COLUMN: Nothing but empty condolences for Sri Lanka


Fathers from a local church carry the coffins for the religious mass at St. Sebastian Church on April 23 in Negambo, Sri Lanka. At least 320 people were killed with hundreds more injured after coordinated attacks on churches and hotels on Easter. Tribune News Service Buy Photos

Hopefully you have heard by now that eight explosions rocked the nation of Sri Lanka Easter Sunday and took the lives of 321 people and injured over 500 more.

Six suicide bombers carried out a series of coordinated attacks on churches and hotels and was the worst violence the island nation has experienced since the end of its civil war 10 years ago.

Data retrieved from Google Trends and reported by Al-Jazeera shows that Google searches for the Notre Dame Cathedral fire outnumbered the Sri Lanka attacks seven-to-one.

Despite the hundreds of deaths, the countless more lives tragically altered forever and the destruction of three churches, Sri Lanka has received significantly less attention by the public than the Notre Dame fire.  

When the 850-year-old Notre Dame Cathedral caught fire last week, thousands on social media posted their condolences and their solidarity with the French. However, no such massive empathetic movement has been directed toward the Sri Lankans.

Furthermore, the lack of outcry and empathy from Americans is more perplexing, because four Americans perished in these attacks as well as the citizens of 11 other countries. Does this mean that even though Americans died it happened in a far away country so we stop caring? Other than the Eiffel Tower turning its lights off to honor the victims and a speech by Pope Francis, there has been very little of a unified outcry against these attacks in Sri Lanka.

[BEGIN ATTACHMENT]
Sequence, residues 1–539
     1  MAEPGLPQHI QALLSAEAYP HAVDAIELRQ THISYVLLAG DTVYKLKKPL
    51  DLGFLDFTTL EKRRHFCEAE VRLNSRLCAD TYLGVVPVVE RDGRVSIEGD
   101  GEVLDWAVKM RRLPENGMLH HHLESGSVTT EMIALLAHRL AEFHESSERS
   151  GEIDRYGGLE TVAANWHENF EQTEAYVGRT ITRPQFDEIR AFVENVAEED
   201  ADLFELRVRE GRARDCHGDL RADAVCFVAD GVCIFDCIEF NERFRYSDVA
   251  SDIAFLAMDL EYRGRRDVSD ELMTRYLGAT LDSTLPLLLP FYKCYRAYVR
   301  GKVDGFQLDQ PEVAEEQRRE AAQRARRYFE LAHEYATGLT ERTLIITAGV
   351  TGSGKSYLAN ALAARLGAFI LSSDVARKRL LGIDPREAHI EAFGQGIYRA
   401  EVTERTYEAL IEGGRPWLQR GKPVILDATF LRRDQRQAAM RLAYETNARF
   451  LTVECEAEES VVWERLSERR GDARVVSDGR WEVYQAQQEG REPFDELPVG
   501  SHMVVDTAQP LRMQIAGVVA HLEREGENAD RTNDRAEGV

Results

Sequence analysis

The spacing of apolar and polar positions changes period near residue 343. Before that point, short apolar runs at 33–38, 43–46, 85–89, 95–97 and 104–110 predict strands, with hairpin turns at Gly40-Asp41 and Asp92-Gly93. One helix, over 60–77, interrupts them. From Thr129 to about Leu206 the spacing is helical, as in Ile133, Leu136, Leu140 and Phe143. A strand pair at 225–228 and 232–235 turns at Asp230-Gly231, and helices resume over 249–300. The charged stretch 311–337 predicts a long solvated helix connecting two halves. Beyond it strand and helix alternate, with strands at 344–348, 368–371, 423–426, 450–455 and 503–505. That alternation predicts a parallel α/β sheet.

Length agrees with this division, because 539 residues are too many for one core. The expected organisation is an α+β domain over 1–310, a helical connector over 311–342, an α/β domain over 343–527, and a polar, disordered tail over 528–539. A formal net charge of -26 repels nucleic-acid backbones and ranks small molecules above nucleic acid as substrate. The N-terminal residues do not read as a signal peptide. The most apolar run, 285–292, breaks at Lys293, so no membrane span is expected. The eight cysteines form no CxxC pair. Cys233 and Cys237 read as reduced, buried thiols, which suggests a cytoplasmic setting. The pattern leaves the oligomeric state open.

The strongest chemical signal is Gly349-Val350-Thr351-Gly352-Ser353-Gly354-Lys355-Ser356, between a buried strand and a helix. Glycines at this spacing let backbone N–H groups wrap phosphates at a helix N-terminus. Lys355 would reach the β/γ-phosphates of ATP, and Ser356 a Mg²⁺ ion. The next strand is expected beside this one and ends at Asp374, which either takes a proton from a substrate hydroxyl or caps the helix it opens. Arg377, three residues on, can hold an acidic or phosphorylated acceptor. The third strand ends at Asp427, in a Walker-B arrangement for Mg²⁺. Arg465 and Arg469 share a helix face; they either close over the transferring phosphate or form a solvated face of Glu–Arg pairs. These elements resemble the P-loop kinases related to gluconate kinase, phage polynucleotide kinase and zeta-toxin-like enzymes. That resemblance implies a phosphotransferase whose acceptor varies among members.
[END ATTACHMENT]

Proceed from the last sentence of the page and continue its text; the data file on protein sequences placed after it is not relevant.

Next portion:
In fact, in the wake of the attacks, many conservatives such as Newt Gingrich and Fox News personality Brit Hume condemned former President Barack Obama’s and Hillary Clinton’s tweets of condolences because they used the phrase “Easter worshippers” instead of Christians to refer to the victims of the attacks.

Moreover, President Trump, after the attacks, tweeted about the Mueller report and “No Collusion” six times compared to the two tweets related to the Sri Lanka attacks.

To make the optics worse Trump’s first tweet mistakenly gave the wrong death toll, stating that millions died in the attacks, and in his second tweet he mistook Sri Lankan President Maithripala Sirisena for Sri Lankan Prime Minister Ranil Wickremesinghe.

Trump later corrected both tweets, but the lack of sincerity within these condolence messages clearly demonstrates that Trump’s condolence is a practice of custom that is not actually backed by actions or sincerity.

Instead of dividing one another on something that should be a nonissue such as the difference between Easter Worshipper and Christian, we should be maintaining unity to show our solidarity with the people of Sri Lanka.

If this atrocity occured closer to home in the Western Hemisphere there would be a meaningful, unified movement to memorialize this tragedy. Instead these attacks are recognized almost in passing by the public and some members of the media as if attacks of this scale are the norm in that region.

Furthermore, according to the New York Times, ISIS has recently claimed responsibility for the attacks, so instead of writing a couple of empty condolence tweets, Trump should devote resources to take serious action on this threat to global security.

These attacks are more alarming than a fire in the Notre Dame Cathedral and should be treated as such. The more or less apathy towards casualties of terror attacks in faraway places like Sri Lanka has to be stopped because an American life is not worth more than another. This kind of violence for less developed countries is not the norm, and seeking justice for the victims of these atrocities is crucial to preventing further terrorist attacks around the world.

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